The Nov. 1 launch of a “Minecraft” version tailored for the classroom is exciting educators and parents alike.
“Phenomenal” is how Mark Minghella describes the test version of “Minecraft: Education Edition,” the new iteration of the popular building game.
“I’ve got an overwhelmingly … positive attitude toward ‘Minecraft’ in the classroom,” says Minghella, a technology teacher in the nation’s capital at the British International School of Washington. He says he was familiar with “Minecraft” thanks to his two kids. “It’s actually being used for education purposes and not just for students to play games.”
Minghella says the game can help students understand the concepts involved with building a sustainable community, as well as how to work collaboratively, overcome obstacles and prioritize tasks.
“Understanding that logical sequencing and systems thinking” is one of the many benefits of gaming for students, says Lisa Douthit, an emerging technology teacher with the Turner Unified School District of Kansas City, Kansas. “It’s all about logical thinking and critical thinking, and how it expands that student’s mind from that perspective.”
For Microsoft, the parent company of “Minecraft,” the foray appears to make sense, as the game-based learning market is expected to reap revenues of $4.9 billion by 2019. The company, which acquired “Minecraft” developer Mojang for $2.5 billion in 2014 in one of the largest acquisitions in gaming history, announced the updated game version in January. The original “Minecraft” version has seen more than 100 million downloads on PCs alone since 2009.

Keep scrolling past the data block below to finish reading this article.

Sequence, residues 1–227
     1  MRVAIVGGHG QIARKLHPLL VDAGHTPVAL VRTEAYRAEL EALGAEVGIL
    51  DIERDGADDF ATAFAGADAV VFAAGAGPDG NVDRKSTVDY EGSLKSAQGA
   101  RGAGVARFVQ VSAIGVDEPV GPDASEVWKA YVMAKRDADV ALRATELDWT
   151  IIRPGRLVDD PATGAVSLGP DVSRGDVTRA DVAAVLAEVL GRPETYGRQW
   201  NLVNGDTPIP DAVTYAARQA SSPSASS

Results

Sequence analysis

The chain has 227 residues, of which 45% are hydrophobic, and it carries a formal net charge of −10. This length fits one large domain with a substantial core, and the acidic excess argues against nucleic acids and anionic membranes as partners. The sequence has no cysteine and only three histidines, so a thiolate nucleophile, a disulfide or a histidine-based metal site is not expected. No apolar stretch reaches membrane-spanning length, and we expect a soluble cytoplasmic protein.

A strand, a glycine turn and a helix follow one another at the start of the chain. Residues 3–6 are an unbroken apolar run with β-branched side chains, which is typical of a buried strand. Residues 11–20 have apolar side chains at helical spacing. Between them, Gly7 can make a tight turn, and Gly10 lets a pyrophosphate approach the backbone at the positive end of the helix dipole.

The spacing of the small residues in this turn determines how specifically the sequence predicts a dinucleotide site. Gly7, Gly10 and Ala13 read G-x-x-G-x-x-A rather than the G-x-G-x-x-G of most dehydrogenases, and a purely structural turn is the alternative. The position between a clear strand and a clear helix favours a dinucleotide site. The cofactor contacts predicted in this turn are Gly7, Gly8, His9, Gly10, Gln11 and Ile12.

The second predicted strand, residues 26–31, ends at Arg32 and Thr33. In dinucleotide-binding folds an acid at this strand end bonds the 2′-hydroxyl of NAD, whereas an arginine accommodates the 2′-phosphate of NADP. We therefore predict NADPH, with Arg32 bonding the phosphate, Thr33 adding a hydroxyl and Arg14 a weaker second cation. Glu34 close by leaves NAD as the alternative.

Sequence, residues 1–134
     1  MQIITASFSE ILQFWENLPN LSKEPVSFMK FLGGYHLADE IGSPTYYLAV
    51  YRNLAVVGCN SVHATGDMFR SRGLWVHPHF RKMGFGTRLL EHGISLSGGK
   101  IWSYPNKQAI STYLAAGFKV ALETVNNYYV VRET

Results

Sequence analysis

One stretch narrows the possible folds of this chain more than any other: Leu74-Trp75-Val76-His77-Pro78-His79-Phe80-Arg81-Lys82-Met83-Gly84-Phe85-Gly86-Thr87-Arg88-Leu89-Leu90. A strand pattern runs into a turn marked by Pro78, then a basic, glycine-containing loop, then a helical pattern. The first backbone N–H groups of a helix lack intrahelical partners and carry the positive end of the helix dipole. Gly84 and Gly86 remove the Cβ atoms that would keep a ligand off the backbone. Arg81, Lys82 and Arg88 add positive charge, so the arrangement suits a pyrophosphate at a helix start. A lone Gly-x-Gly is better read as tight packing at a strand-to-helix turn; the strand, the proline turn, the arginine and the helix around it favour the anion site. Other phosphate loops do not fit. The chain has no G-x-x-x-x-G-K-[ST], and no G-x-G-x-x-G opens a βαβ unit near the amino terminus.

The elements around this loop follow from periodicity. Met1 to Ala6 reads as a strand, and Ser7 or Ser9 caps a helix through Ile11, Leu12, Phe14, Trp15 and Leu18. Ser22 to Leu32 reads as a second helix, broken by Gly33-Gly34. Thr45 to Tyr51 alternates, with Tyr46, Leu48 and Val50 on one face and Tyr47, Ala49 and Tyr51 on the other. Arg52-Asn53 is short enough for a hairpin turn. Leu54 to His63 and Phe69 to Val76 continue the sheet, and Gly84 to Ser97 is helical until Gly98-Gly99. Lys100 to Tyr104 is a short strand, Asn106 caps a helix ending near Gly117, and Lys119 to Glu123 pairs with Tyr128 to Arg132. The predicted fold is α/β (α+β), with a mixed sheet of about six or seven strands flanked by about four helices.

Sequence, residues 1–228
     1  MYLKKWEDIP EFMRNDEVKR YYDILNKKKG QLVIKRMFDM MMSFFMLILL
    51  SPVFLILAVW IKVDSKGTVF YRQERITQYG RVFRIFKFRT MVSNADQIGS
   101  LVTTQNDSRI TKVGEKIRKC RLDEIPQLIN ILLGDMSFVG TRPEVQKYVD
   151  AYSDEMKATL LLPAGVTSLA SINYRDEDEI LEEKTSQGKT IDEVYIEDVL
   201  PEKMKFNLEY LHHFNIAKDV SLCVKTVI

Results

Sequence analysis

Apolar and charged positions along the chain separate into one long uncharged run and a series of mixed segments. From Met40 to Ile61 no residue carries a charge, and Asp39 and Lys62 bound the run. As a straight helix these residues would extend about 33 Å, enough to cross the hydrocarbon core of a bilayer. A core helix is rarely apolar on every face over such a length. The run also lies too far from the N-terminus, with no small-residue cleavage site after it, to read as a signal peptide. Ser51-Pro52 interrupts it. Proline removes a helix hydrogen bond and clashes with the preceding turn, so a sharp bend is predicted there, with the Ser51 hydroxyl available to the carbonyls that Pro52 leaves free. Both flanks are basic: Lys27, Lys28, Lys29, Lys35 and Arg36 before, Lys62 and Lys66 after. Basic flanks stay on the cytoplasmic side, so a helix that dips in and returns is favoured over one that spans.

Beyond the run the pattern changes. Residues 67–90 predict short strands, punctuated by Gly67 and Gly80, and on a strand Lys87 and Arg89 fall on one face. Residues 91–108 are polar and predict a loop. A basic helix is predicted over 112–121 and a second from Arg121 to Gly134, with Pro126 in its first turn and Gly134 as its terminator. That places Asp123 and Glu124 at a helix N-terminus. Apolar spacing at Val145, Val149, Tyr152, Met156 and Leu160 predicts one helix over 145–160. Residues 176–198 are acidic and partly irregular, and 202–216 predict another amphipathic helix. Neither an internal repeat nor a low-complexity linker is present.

Based on MinecraftEdu, a licensed game developed by TeacherGaming LLC and purchased by Microsoft earlier this year, “Minecraft: Education Edition” has been free to more than 35,000 students and teachers around the world taking part in an early access program. Since June, schools and students have been testing the new edition, providing feedback to the company to refine the game before its official launch.
“We have high hopes for this title to be a game-changer in classrooms around the world,” Deirdre Quarnstrom, director of “Minecraft” education at Microsoft, tells U.S. News. “Our first priority in the short term is driving awareness of the new title and getting continued educator feedback to finesse the experience as we go.”
“Minecraft: Education Edition” provides a team-play mode for up to 30 students and allows them to take pictures of their work for teachers to track their development. It also adds a chalkboard feature so teachers can post information or give instructions during the game. It has a single sign-on feature for privacy and security protection, and a non-player character function in the November version enables educators to act as guides within the game.
The technical nature of the game itself may impede classroom adoption for some, as it takes place in an open “sandbox” format in which players build worlds from scratch using 3-D blocks.
“For educators who know and love ‘Minecraft,’ the blank canvas is an exciting opportunity, but for those who are new to ‘Minecraft,’ this format can be overwhelming,” Microsoft’s Quarnstrom admits.
But features like an in-depth tutorial, lesson plans, a variety of templated worlds and a classroom mode can help reduce the learning curve. So-called “Minecraft” mentors will be available to aid teachers working to incorporate the game into classwork as well.
That schools and interested parents will adopt the game on a widespread level is the gamble Microsoft is taking. “Minecraft: Education Edition” will be available in the Windows Store for $5 per user per year from Nov. 1, while schools also can obtain the game under a districtwide licensing agreement that charges in the range of $1 to $2 per user per year, the “Minecraft” team tells U.S. News in an email.